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How to Build a Better Company Culture Through Fun and Connection

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Success in business depends heavily on offering great products or services, but it also takes great employees to do that. And above all, it takes a healthy company culture to retain those employees. By this logic, a business’s success depends heavily on culture, which can be hard to deliberately shape.

Older companies are likely to have a cemented culture that’s resistant to change. Younger companies are likely to see their culture evolve somewhat independently — despite using their best efforts to shape that culture. Nevertheless, company culture can be influenced, and should be, if long-term success is a priority.

Whatever the age of your company, your culture emanates from the top — so leadership must take steps to mold it. In my decades of experience, I’ve identified a few tips for fostering a healthy company culture. Here are some useful ways to shape your own company’s culture:

Break Bread Together

When a new employee starts, take them out to dinner with the team to welcome him or her. I’ve found this helps to unify the working group and make every new team member feel valued. This is particularly true when senior managers or members of the C-suite participate. It can really send a positive message about each employee’s value, regardless of rank.

Engagement is more important than ever, especially when you consider that the cost of lost productivity in the U.S. from unengaged workers is roughly $1 trillion annually. On the other hand, when people are engaged at work, statistics suggest that a company could see 2.5 times more income growth. It’s a big deal for a young junior member of a team to feel welcomed and validated by the most senior members of the organization. Even just a quick high-five when a person first joins might be enough to secure buy-in for the long term.

Make the World a Better Place

At my company, we don’t just work together — we run together. Charity races are a great way to build camaraderie outside of the office and do some good in the process. A 10K might be a bit much for a non-runner, but most people can at least walk a 5K. And if your company matches personal donations to the cause (as we do at my company), you can really reinforce a positive team atmosphere and a spirit of giving back.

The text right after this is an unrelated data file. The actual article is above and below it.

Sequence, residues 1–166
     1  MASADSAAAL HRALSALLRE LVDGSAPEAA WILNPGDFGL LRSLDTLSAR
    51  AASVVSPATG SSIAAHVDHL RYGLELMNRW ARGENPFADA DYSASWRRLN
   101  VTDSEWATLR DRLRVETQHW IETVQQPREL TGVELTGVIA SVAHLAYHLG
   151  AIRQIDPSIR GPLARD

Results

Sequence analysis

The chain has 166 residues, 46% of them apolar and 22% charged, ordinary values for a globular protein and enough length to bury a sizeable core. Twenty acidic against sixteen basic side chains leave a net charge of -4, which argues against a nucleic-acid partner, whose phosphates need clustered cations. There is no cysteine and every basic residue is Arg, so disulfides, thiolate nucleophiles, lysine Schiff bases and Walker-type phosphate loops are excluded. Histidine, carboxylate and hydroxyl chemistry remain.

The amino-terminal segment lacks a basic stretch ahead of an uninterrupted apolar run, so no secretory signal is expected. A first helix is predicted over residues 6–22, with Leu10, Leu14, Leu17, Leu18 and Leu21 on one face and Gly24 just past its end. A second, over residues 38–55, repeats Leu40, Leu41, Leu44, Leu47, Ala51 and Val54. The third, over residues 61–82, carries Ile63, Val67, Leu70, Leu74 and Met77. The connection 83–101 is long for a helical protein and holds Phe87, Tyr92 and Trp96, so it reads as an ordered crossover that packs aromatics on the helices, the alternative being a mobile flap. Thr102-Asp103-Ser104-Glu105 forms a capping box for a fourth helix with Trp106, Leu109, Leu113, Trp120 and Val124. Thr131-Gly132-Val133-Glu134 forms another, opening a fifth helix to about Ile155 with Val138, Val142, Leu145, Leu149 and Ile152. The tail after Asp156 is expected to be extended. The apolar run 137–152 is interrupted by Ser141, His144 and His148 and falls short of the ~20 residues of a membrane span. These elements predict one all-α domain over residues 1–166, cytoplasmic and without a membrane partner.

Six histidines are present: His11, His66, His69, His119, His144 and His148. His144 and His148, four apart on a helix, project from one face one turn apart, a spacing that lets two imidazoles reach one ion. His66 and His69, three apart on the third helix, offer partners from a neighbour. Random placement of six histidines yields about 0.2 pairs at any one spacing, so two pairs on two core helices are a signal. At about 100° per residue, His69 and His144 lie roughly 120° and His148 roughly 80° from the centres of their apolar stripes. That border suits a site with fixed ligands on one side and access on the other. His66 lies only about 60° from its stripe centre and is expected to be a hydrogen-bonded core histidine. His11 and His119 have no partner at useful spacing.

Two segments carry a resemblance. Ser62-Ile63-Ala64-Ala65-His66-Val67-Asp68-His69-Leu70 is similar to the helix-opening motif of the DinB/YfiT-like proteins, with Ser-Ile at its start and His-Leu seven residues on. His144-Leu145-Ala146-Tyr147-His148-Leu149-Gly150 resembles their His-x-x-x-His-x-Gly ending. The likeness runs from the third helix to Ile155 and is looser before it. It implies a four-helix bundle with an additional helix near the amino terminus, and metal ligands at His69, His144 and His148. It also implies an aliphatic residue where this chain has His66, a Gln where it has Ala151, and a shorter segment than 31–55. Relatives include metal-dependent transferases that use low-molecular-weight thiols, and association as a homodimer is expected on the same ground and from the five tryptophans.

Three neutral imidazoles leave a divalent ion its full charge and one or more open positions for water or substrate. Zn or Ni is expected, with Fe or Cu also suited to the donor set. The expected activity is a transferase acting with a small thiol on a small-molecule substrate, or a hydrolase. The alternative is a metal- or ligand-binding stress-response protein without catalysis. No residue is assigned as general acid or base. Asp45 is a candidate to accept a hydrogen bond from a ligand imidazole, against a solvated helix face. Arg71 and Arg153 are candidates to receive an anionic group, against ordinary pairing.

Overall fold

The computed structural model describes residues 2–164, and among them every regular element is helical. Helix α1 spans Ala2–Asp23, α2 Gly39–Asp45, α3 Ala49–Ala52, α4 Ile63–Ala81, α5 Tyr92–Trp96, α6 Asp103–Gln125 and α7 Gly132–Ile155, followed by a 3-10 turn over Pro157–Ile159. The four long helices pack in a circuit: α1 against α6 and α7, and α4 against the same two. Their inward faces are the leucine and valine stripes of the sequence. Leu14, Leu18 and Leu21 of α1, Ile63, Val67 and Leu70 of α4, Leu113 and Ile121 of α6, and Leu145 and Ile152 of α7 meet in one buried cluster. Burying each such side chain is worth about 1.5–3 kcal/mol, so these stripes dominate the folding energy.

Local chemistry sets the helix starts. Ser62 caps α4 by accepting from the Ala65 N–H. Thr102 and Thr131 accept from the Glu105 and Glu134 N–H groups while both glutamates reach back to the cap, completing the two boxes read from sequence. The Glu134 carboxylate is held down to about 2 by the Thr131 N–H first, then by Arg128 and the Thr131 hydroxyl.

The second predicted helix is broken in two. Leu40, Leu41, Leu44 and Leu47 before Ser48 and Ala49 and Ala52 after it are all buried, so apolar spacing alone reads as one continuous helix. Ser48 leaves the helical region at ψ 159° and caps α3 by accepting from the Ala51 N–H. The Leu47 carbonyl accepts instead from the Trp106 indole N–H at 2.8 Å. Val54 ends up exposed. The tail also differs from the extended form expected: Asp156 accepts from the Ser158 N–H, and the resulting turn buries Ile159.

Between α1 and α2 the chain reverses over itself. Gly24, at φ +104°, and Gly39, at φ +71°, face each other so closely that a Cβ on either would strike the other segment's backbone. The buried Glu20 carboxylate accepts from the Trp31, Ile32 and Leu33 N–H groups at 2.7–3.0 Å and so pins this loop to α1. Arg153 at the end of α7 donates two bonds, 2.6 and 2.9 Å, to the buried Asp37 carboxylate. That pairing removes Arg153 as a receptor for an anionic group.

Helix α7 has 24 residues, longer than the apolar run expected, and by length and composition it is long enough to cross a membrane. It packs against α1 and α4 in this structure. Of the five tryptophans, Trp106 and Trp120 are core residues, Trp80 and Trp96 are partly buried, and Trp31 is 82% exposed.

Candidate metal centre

Not only do those sorts of activities allow for a mental break, but they also create valuable bonds that help people feel more connected to the company and their co-workers. At the same time, nobody likes forced fun. These events should be a well-deserved break and a privilege. And ideally, the company should cover any costs. Hardworking team members shouldn’t feel like they’re forced to participate or pay — that comes dangerously close to looking like more work.

Make Membership Something Special

Our leaders around the world enjoy sharing pictures of their teams making the Exela “X” sign when out to dinner or during other group activities. These images help reinforce our “One Exela” mentality and bring our diverse global teams together as a unified whole.

The heads of our various business units and core business functions even go beyond that. Taking on that level of responsibility at our company puts you in an esteemed position that is respected and appreciated.

Another way to create this kind of in-group mentality could be through a unique handshake or a common catchphrase. Anything that contributes to a feeling of pride and privilege to be part of the team can work. We see the benefits of this all over the sports world, and the same principles apply just as well to building team spirit in business.

The key to doing this successfully, however, is to not force it on people who aren’t into it. Additionally, don’t try too hard to make it seem cool. Find something that feels natural and propagate it from the top level and down. Allow it to evolve into something that people might want to do because it’s fun — and not because they have to.

In a company like ours — with people from many different cultures, a wide range of ages, and wildly different backgrounds — it can be difficult to build cohesion and close relationships. By having some fun outside of work, giving back to our communities together, and reinforcing our unity as a global family, we’re able to build a culture that works for us. Doing the same in your organization will go a long way toward creating valuable connections and inspiring unity.


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Source: CEOWORLD magazine